Saturday, May 25, 2013
|The Rosedale Diet|
|The Rosedale Diet|
|Written by Kim Droze|
|Monday, 31 March 2008 20:00|
Strict low-calorie diets have received a bad name over the years. However, there are those medical experts who say that you should go low. Dr. Ron Rosedale, one of the leading authorities in metabolism, explains that studies show a strict diet low in calories helps achieve a sleek body and a longer life. Dr. Rosedale has found a way for dieters to accomplish this without being deprived. When you are feeling full, you are less likely to overeat, thereby reducing calorie intake.
The Rosedale Diet reaches to the heart of good health by controlling leptin, the hormone which tells the brain when to eat, how much to eat and when to stop.
Ironically, leptin is produced by fat cells. The goal is to keep leptin levels low enough to inform the body that you have eaten enough food. The body is then alerted to burn this fat. Lowering your level of leptin is as easy as following a diet high in good fats and low in starch and sugar.
Along with weight loss, patients abiding by the principles of the Rosedale Diet also reported favorable results in treating diseases such as diabetes, heart disease, hypertension, arthritis and osteoporosis.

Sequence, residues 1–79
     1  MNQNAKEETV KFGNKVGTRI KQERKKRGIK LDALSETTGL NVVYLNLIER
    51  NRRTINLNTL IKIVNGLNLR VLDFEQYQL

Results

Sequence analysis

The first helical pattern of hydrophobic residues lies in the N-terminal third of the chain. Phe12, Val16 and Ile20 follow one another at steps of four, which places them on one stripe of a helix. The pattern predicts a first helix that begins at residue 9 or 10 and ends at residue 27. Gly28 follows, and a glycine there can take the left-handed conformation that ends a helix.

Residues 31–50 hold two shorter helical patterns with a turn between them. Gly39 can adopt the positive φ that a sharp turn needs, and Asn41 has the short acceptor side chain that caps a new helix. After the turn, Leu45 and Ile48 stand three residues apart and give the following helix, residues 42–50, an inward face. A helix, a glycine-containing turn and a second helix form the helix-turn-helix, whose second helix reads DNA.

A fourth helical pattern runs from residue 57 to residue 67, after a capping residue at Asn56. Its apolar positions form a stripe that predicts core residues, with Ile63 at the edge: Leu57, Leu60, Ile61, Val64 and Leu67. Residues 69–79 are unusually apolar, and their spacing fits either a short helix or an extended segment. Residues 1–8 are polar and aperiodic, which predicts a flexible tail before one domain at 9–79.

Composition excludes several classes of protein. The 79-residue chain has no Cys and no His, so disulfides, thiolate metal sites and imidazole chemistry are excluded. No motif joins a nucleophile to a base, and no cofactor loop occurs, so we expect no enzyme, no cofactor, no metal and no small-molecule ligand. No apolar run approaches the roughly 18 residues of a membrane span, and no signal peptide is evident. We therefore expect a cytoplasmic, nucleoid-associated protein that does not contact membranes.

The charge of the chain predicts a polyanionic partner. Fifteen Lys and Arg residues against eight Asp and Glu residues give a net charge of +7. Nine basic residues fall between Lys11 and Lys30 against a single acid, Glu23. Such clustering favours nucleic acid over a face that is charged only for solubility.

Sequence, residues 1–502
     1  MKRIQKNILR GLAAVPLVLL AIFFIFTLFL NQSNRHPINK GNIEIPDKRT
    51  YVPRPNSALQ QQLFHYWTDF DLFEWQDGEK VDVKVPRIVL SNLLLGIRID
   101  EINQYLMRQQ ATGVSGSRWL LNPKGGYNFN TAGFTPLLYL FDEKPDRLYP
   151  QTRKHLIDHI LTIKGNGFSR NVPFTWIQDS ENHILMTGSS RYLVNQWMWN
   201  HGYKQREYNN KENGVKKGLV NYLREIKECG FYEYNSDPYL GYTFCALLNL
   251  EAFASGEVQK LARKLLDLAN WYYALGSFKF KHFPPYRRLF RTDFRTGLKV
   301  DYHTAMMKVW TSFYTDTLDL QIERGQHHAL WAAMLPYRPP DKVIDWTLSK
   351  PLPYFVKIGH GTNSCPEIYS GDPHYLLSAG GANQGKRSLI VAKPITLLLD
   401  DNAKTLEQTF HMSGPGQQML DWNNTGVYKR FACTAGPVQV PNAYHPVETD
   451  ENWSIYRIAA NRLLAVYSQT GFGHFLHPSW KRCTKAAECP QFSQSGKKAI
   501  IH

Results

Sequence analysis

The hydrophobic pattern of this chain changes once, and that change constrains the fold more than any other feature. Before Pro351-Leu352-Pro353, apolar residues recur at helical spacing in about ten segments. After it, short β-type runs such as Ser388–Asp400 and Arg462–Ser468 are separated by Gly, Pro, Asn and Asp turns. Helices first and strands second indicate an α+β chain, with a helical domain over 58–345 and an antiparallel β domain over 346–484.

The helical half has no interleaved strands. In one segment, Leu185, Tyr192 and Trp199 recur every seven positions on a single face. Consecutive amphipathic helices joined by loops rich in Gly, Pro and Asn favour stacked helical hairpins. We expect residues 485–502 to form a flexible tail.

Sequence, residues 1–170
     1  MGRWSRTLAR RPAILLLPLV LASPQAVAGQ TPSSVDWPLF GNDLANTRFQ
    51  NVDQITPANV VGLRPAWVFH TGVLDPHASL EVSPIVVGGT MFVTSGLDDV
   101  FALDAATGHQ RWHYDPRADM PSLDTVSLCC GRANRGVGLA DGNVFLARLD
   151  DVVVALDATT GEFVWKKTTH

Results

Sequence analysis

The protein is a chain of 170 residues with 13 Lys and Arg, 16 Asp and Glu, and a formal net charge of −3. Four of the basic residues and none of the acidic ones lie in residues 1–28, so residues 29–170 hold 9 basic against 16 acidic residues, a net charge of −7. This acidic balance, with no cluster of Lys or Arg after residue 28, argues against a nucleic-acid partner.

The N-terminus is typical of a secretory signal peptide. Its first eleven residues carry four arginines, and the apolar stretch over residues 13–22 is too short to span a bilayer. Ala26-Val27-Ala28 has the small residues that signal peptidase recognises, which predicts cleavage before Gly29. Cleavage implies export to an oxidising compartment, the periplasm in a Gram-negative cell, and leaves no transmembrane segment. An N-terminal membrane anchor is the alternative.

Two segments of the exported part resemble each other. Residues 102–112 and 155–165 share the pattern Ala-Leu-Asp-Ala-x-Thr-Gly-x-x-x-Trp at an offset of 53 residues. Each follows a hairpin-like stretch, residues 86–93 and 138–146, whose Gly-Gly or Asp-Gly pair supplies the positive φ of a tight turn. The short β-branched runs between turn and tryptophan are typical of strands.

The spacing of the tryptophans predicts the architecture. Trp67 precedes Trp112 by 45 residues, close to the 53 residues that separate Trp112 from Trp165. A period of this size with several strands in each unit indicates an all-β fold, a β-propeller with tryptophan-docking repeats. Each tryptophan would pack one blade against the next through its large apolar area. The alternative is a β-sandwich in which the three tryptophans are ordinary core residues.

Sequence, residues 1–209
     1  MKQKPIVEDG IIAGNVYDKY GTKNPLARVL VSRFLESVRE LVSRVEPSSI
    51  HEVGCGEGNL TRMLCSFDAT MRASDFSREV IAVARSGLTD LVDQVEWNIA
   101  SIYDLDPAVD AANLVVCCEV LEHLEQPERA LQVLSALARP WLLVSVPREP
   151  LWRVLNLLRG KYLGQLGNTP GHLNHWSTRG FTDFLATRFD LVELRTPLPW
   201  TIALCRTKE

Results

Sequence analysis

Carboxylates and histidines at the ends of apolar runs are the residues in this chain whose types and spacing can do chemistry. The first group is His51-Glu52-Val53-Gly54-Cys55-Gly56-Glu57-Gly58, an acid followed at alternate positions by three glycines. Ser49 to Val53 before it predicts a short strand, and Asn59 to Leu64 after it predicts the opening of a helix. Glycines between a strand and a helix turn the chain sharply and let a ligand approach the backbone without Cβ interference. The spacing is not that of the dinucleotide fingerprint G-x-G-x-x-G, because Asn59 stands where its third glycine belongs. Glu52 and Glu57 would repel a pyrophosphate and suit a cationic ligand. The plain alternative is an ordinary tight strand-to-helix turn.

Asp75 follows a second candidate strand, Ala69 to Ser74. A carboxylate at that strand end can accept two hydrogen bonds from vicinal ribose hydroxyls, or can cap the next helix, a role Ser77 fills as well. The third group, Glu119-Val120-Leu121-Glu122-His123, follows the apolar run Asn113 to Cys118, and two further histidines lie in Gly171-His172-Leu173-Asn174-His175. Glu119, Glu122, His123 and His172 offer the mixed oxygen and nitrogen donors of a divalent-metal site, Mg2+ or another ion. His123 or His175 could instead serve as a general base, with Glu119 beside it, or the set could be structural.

A balance of lean protein, fiber-rich carbs and good fats, the 21-day plan avoids promoting too much protein or too many carbs. Foods are divided into an "A" list (the best possible choices of food), "B" list (foods to be eaten in moderation) and a "C" list (foods to avoid). Initially, you will eat from the "A" list made up of crab, olives, avocados, nuts, lobster, fish, shrimp, goat cheese, Cornish game hen, venison and other health-promoting foods. You'll add foods from the "B" list gradually: steak, lamb chops, fruits, beans and more. The off-limit foods from the "C" list include milk, full-fat hard cheeses, hot dogs, fried foods, corn, commercially processed oils and other foods promoting obesity.
|Last Updated on Monday, 21 December 2009 13:02|